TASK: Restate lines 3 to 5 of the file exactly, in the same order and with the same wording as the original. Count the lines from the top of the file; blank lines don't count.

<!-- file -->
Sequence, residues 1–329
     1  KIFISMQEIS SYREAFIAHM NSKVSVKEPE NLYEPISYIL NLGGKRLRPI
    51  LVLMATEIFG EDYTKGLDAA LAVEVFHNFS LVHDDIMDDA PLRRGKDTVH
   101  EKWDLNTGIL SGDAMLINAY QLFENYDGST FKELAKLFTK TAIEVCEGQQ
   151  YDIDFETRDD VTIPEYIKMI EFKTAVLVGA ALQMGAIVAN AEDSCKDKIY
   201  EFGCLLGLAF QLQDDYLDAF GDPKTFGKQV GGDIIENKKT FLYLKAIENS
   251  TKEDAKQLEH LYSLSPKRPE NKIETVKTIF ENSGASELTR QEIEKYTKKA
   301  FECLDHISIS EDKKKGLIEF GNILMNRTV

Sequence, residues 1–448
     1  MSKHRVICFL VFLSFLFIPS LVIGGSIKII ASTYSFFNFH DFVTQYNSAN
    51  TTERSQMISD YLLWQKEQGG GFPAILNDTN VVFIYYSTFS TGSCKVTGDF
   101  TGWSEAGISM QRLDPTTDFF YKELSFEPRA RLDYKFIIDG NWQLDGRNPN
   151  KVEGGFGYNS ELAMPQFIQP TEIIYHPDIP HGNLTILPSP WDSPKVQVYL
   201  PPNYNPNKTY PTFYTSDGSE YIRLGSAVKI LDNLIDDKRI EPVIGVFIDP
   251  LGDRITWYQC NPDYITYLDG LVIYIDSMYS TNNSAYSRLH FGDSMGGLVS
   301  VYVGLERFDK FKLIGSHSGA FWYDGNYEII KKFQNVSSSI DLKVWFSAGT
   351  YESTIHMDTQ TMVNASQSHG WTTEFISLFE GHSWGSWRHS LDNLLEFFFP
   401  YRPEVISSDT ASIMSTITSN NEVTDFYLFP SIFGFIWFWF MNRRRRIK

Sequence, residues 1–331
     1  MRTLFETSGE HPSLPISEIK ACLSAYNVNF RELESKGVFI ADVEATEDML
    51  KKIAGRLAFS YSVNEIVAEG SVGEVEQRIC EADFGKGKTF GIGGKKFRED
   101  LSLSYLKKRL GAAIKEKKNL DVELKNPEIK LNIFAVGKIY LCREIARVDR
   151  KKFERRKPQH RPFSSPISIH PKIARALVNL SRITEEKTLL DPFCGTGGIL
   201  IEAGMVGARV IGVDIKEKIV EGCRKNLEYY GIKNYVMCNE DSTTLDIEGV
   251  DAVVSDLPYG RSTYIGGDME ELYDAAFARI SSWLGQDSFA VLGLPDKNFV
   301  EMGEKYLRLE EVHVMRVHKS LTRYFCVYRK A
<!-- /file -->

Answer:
    51  LVLMATEIFG EDYTKGLDAA LAVEVFHNFS LVHDDIMDDA PLRRGKDTVH
   101  EKWDLNTGIL SGDAMLINAY QLFENYDGST FKELAKLFTK TAIEVCEGQQ
   151  YDIDFETRDD VTIPEYIKMI EFKTAVLVGA ALQMGAIVAN AEDSCKDKIY